What takes a few sentences on paper can take many weeks in the spray booth.

Drying time is essential, especially with lacquer. Wet sanding is done between every dried coat and is very time consuming. The guitar still hasn’t even been reassembled and set up! Getting factory finish is very difficult for even an experienced tech. If you want a pro look, get it done by a pro. Many people have come in with guitars that “Cousin Wade” was going to refinish for them, only to get their axe back looking like a Junior High wood shop project. Refinishing is time consuming and expensive because of the high degree of experience that is required of the technician. Very few of the techs in our shop are allowed to do these repairs. It requires years of learning and experience to pull it off, but once it’s done, you will see and understand what all the fuss is about.

116 Responses

  1. chris says:

    Sure, no problem.

  2. steve says:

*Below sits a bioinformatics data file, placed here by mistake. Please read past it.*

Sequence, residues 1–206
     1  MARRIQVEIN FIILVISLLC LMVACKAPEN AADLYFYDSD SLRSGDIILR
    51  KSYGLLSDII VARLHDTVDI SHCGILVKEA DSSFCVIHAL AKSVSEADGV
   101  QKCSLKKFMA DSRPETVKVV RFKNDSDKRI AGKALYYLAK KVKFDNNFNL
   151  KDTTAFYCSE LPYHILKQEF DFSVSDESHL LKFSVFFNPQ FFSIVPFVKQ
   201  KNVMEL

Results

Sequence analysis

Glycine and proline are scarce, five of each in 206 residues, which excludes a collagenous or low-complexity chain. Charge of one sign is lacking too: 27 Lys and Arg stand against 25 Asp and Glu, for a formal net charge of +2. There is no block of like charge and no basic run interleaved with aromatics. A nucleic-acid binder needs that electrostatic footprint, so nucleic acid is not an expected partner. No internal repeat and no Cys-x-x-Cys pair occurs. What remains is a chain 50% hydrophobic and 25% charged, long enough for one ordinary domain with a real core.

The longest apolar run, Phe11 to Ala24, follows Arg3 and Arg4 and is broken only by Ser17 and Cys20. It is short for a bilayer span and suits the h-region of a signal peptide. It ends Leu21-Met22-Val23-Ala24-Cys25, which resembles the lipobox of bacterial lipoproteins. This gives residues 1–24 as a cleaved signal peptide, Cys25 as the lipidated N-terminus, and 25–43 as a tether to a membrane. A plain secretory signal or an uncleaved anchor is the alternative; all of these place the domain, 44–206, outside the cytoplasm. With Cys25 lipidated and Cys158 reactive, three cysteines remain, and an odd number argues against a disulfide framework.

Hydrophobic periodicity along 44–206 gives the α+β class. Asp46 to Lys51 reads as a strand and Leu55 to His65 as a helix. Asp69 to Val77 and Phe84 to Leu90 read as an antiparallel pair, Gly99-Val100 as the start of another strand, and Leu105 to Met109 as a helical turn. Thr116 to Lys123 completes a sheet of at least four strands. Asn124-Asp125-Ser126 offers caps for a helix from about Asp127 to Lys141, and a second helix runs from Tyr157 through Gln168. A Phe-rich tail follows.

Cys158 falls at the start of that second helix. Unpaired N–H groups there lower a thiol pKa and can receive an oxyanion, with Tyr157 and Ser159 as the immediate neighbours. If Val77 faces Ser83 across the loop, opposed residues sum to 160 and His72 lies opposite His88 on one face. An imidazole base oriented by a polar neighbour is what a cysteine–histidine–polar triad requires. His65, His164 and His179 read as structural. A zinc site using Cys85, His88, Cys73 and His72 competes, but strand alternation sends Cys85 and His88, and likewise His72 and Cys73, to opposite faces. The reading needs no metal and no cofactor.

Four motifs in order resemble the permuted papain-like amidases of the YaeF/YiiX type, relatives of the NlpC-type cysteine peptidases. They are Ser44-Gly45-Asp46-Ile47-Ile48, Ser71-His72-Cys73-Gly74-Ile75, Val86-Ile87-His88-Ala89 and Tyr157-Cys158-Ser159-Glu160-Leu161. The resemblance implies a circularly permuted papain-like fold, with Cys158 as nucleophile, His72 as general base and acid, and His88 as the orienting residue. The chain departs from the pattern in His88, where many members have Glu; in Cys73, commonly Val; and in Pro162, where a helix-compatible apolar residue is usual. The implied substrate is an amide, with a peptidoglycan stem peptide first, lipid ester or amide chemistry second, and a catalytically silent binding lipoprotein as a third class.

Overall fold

I’ve got a ’70s K+T, (Koontz, Mike not Sam, and John Thurston), solid flamed Mahogany body electric that has a number of fairly ugly dings/chips in the finish. I’ve read quite a lot about possible repair methods, but I’ve yet to come across a method for determining exactly, (or even ballpark), what kind of finish is on it on it in the first place. My assumption/educated guess is that it’s nitro, but since even in the ’70s there were many types of different clear finish material to work with, I’d hate to to make matters worse by working on an assumption, (‘when u assume, etc etc’). Is there a way to test the existing finish on this and other guitars not made by the big makers? Please don’t say ‘ask'; let’s assume they’ve gone under and are unavailable. Thanks for any advice, Steve